New Delhi: After the debacle in elections and the disquiet in its ranks, the Aam Aadmi Party (AAP) on Sunday vowed to reorganize and turn battle-ready in a one-year plan.

“In the last one year, lakhs of people have joined the party. It’s now time to reorganize," said AAP national convener Arvind Kejriwal, who has faced severe criticism from within the party. “We are starting Mission Vistaar (expansion), in which we will reorganize the party from the booth level to the national level in a year. We will tell people about our thoughts, connect with them and bring them together through a strong organization," Kejriwal told reporters at the end of the AAP’s three-day national executive meeting.

A panel headed by the AAP’s Karnataka state coordinator, Prithvi Reddy, and including leaders like Anjali Damania, Atishi Marlena, Sanjay Singh and Krishnakant Sevada, will supervise the restructuring.

“The committee will enlist 150-200 observers from across the country, who will be sent to all states. The entire organization at the state, district, national council and national executive level will be reorganized," Kejriwal said.

The national council, which is AAP’s highest policymaking body, the national executive—the highest executive body—and the political affairs committee are expected to be revamped at the end of the exercise.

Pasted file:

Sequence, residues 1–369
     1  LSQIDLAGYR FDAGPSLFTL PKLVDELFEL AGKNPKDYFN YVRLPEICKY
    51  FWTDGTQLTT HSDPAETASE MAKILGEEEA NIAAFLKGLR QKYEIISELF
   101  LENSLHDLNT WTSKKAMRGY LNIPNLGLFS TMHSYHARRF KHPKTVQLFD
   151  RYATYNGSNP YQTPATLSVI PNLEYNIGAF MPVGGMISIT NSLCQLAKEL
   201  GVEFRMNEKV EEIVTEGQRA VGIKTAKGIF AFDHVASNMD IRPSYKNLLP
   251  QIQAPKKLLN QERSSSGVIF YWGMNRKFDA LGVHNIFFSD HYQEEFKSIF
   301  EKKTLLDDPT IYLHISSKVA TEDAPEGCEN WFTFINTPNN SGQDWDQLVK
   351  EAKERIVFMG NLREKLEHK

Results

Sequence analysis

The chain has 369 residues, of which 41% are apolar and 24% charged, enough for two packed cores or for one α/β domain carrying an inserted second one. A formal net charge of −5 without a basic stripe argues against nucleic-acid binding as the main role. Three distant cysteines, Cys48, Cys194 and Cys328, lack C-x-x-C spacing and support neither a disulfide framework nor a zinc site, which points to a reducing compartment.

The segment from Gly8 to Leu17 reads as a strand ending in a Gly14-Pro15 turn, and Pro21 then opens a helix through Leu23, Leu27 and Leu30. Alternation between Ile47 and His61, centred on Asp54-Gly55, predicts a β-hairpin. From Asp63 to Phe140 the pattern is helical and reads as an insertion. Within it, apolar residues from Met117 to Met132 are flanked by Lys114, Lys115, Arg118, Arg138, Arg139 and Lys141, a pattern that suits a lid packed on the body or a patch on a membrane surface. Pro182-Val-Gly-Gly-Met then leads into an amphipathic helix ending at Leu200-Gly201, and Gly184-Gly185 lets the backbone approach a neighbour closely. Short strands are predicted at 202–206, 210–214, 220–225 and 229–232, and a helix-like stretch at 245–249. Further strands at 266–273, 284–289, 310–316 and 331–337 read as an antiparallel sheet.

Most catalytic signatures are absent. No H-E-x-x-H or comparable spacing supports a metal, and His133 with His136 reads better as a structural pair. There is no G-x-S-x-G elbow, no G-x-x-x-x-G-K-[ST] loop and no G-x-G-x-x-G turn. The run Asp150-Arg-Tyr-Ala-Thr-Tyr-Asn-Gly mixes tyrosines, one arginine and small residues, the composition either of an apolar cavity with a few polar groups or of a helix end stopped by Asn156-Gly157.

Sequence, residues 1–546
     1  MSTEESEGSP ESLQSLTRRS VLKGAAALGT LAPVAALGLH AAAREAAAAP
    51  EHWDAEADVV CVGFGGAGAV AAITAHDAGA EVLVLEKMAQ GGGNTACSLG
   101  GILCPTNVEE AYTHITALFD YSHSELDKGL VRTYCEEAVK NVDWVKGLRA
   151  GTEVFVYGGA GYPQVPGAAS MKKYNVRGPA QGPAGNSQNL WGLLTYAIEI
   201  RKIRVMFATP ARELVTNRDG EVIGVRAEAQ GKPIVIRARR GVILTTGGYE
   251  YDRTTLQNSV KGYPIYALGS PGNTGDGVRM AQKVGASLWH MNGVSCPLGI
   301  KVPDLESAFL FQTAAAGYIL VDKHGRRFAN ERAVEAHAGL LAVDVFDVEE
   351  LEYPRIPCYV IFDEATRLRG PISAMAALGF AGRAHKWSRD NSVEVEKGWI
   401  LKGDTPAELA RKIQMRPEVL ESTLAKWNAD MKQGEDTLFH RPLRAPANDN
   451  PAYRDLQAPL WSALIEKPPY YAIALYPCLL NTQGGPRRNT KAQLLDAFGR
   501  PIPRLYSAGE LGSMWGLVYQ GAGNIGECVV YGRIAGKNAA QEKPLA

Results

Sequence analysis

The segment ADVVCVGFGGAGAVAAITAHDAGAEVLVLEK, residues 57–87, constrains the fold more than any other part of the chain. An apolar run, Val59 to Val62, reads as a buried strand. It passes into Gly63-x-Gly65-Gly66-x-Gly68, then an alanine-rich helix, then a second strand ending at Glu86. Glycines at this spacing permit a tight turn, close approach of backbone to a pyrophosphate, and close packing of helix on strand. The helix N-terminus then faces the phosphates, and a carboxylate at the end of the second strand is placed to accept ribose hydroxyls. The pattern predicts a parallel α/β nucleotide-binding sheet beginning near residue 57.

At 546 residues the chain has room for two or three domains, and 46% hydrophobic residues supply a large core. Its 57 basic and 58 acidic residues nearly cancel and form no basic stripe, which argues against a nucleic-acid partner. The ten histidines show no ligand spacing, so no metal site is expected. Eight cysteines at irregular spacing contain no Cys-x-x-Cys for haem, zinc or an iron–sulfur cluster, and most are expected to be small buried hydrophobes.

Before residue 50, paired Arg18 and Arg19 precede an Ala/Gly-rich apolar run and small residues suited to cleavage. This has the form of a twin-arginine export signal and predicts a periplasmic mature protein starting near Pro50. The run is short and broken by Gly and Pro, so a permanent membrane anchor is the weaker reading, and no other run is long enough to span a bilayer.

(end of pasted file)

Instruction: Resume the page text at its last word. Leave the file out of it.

The party has added 25 new special invitees to its national executive including Lok Sabha contestants Gul Panag, Ashish Khetan, Ashutosh, Muzaffar Bhatt, Parveen Amanullah, elected lawmakers Bhagwant Mann and Harinder Singh Khalsa and several activists.

However, with elections to the Delhi state assembly expected soon, the party may not have enough time to overhaul itself or implement the decisions.

“The problem is that the AAP has no time. Elections are staring at them, which leaves them with no time at hand to restructure the party organization at the national level," said Abhay Kumar Dubey, a New Delhi-based political analyst. “These are mainly election-oriented decisions, but they do not make a case for internal democracy. The party needs internal democracy, but the right time to start any new process should be only after the Delhi elections."

Shazia Ilmi, journalist-turned-politician and a founder member of the party, quit AAP in May, saying the party was run by a “handful of people" and citing its failure to implement internal democracy.

Later, senior leader and strategist Yogendra Yadav quit AAP’s political affairs committee, accusing the party of “falling prey to personality cult". An exchange of letters between Yadav and party leader Manish Sisodia became public last week, where the alleged rift in the party came out in the open.

On Sunday, however, Kejriwal sought to present a united face for the party. “Everything has been sorted out. The whole family is together. Ours is a new party. Things like this coming up in a democratic way is good," Kejriwal said.

In reply to a question on whether the meeting discussed the reasons for winning seats less than their expectations, Kejriwal said: “I personally think what you are presenting as defeat was an unprecedented victory for our party."